Part IX: Calm Before the Sturm*
Note: This is Part IX of an ongoing series. If this is your first time reading, you may want to begin with Part I: Introductions or with the first part of my recent two-part post on Matthias Sindelar and what his legacy means for Austrian history — Part VII: The Rise of the Paper Man.
Today’s post is going to be short and sweet. I’m headed to Austria in just a few days and, because of that, haven’t had much time to get a long post together.
But this all just means that soon I will be able to have even better, more detailed posts. I’ll be able to give you more inside information about the culture and the matches themselves (i.e., what this series was originally intended to do). So take heart! Soon I will be there for all of you!
Also, there are no club matches this week! So I won’t have any predictions for this week’s matches in the Bundesliga, but there is still plenty to recap and a little international action to look forward to.
The clubs had a little bit of a rest on the international stage, but the Austrian National team played a fun friendly with Sweden. The National Team pulled off the 2-0 win with a Swedish own goal (though it was caused by the disruptive play of Guido Burgstaller, who plays for Schalke 04 in the German Bundesliga) and an interesting shot from David Alaba, who you may know plays for Bayern Munich.
It’s worth noting that a 16 of the 23 men in the roster for this match play for clubs outside of Austria. Most (13) play for German clubs with just a couple in British clubs and one (the keeper) in a Swiss club. I may do another post later about the problems the Bundesliga seems to have with keeping its players in the league and out of the hands of the Germans, but not today.
Another little international development is that UEFA is considering restructuring the “away goals” system in its Champions League (and presumably Europa League) matches. As Tim Armitage, an analyst for the Bundesliga, said, this wouldn’t exactly hurt Austrian teams…
In the league itself, last week’s matches went about as I expected. On Saturday, Austria Wien managed to finish off Mattersburg, 2-1 after two late back-to-back goals (78’ and 79’), the first a PK and the second just a good shot. FC Wacker also pulled out a 2-1 win over Hartberg, as did St. Pölten over Altach. The three losers from Saturday’s matches are now the bottom three of the table.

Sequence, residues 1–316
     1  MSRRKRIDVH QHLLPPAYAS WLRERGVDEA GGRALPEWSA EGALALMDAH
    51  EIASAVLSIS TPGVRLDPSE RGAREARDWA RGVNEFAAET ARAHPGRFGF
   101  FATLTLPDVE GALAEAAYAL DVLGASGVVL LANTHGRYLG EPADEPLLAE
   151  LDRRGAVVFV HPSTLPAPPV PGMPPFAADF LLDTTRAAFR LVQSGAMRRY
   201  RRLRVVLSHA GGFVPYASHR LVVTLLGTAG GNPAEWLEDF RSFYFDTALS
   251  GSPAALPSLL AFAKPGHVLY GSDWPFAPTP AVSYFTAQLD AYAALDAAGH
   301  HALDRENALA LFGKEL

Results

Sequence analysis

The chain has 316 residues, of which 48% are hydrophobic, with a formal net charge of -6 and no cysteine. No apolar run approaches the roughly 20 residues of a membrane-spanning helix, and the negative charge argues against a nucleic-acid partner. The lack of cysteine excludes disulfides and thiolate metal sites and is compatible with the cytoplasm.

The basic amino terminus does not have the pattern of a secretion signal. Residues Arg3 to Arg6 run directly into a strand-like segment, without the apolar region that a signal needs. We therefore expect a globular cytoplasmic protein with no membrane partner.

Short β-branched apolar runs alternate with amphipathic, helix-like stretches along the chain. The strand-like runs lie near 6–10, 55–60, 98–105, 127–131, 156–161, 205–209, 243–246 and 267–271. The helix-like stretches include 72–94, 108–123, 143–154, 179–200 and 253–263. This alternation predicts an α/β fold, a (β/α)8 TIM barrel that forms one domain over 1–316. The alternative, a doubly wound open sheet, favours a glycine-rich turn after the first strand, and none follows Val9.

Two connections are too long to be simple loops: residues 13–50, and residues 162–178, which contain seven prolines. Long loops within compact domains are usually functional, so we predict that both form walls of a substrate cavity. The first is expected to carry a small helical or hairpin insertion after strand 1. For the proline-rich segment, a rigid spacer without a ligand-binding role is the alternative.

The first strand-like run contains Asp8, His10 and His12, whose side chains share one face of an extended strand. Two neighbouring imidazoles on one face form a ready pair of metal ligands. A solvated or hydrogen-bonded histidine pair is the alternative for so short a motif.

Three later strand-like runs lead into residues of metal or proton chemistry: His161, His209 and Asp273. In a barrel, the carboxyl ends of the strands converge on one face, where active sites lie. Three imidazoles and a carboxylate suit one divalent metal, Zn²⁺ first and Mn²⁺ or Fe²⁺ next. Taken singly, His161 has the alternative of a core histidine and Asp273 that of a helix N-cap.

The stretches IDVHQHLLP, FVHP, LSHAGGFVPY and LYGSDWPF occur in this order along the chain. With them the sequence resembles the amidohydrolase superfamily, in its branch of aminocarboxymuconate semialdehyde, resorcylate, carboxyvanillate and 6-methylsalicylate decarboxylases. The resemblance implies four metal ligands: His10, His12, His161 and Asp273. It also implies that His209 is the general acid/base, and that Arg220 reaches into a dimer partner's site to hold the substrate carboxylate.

On Sunday we had a little more interesting developments, but it was still about as I predicted. Sturm Graz and Rapid Wien managed to play to a 1-1 draw, with Graz’s goal coming on a PK in the 37th minute and Rapid’s coming on a left-footed kick in the 78th. Red Bull Salzburg topped Admira 3-1, adding fuel to the speculation about Admira’s chances this season. And LASK beat Wolfsberger 2-0.
The top 3 teams (Red Bull Salzburg, St. Pölten, and LASK) have begun to separate themselves, but it’s not the strongest of holds. And the middle of the table is still pretty open, with only 4 points separating the 4th place team and the 8th place team. The bottom still has some room to move around as well, but it’s looking bad for Altach, who with just two points is all but certain to be relegated.
This week is going to be very quiet. The only real match will be the Austrian National Team in the UEFA Nations League B. Austria is in Group 3 with Northern Ireland and Bosnia and Herzegovina, with their first match on 11 September in Zenica against Bosnia and Herzegovina. This B&H team is a little interesting. They managed to win their last friendly 3-1 against a decent South Korean team, who you may remember sent Germany packing in the World Cup. So it will be fun to watch the National Team come back to competitive international play for the first time in a while.
And that will just have to hold us over for the rest of the week, as that’s all we have to look forward to until next weekend – my first weekend in Austria. I’ll preview those matches sometime next week, but it promises to be a very good round with several matches that should help determine what the final table will look like. But until then, I’m off to Austria! Auf Wiedersehen!
* Forgive the pun. I couldn’t let it go.